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Historic Union Pacific Baggage Building

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Historic Union Pacific Baggage Building

Historic Union Pacific Baggage Building

If any of you have ever taken an extended train trip, you know that you will have baggage.  Some of us will have more baggage than others, depending on the length of the trip and our need to carry clothes and accessories with us.  On a modern day train trip, you pack a small bag with necessities and keep it with you while your larger luggage is checked by the rail company and put in their baggage car to be retrieved by you at the end of your journey. From there you either take it to your hotel room or, if you are at the end of your journey, you take it home with you.

Rail travelers to Yellowstone National Park had much the same circumstance.  When they arrived at the destination in West Yellowstone they had to have a place to store their luggage while they were touring the Park. They could not just leave it on the train.

Union Pacific Depot

Union Pacific Depot now hosts the Museum of the Yellowstone

Initially, the East wing of the depot was used to store those bags.  However, as train travel to Yellowstone increased the amount of luggage that had to be stored for the passengers increased and the current storage facilities were no longer adequate.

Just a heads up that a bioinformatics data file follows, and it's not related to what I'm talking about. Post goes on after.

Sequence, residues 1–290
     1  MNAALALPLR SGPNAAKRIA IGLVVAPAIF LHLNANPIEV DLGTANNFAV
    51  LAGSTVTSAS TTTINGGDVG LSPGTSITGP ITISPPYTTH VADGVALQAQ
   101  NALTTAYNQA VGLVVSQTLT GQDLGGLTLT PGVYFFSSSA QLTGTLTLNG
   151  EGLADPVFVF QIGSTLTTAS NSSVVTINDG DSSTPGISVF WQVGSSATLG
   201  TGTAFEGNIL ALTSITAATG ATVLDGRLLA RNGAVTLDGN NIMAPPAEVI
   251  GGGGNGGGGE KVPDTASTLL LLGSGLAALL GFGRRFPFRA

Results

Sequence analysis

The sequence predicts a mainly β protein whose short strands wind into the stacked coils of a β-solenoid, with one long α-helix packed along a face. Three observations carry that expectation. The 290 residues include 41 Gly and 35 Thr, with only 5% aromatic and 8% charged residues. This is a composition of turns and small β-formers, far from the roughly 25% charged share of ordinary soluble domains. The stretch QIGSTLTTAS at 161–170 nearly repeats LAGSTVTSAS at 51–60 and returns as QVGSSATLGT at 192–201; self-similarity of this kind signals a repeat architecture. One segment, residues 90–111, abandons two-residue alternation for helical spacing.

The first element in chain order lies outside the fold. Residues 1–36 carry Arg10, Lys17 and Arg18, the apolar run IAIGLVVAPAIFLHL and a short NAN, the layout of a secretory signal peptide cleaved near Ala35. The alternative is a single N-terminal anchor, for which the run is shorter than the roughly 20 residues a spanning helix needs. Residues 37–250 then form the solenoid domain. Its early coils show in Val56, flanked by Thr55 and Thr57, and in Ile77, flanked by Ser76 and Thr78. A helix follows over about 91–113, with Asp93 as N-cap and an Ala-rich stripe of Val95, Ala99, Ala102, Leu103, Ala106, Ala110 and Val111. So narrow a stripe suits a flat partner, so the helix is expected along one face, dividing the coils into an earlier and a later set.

To alleviate the problem the Union Pacific officials, in 1920,  proposed the construction of a completely  separate baggage building.  It was to be located immediately West of the depot.  By constructing a separate building to store baggage the company could solve two problems at once.  The new building would provide a larger area to store luggage and it would allow them to convert the existing baggage storage space in the east wing of the depot to provide additional changing rooms for their passengers.

The construction was finished by the fall of 1921.  At that time there was a change of plans concerning the exterior appearance of the newly constructed facility.  This change actually delayed completion of the building until 1922.  The exterior walls were quarry-faced stone and it sits on a battered concrete base and has a continuous belt course.  The corner quoins are concrete and so are the flat arched window lintels.  The exterior dimensions were approximately 32’ x 52’.

When the railroad ceased their operations to the town, the building set empty.  Around 1975 the building was renovated and became the town’s police station.  The original door and window openings were maintained but were in-filled.  The installation of modern metal doors and windows were added in some of the openings.  The building probably had a shingle roof but that has been replaced and it now has a standing seam metal roof.

And so, an existing building has a new life.

AUTHOR: SUSIE KNAPP

 

2020-06-11T14:35:48+00:00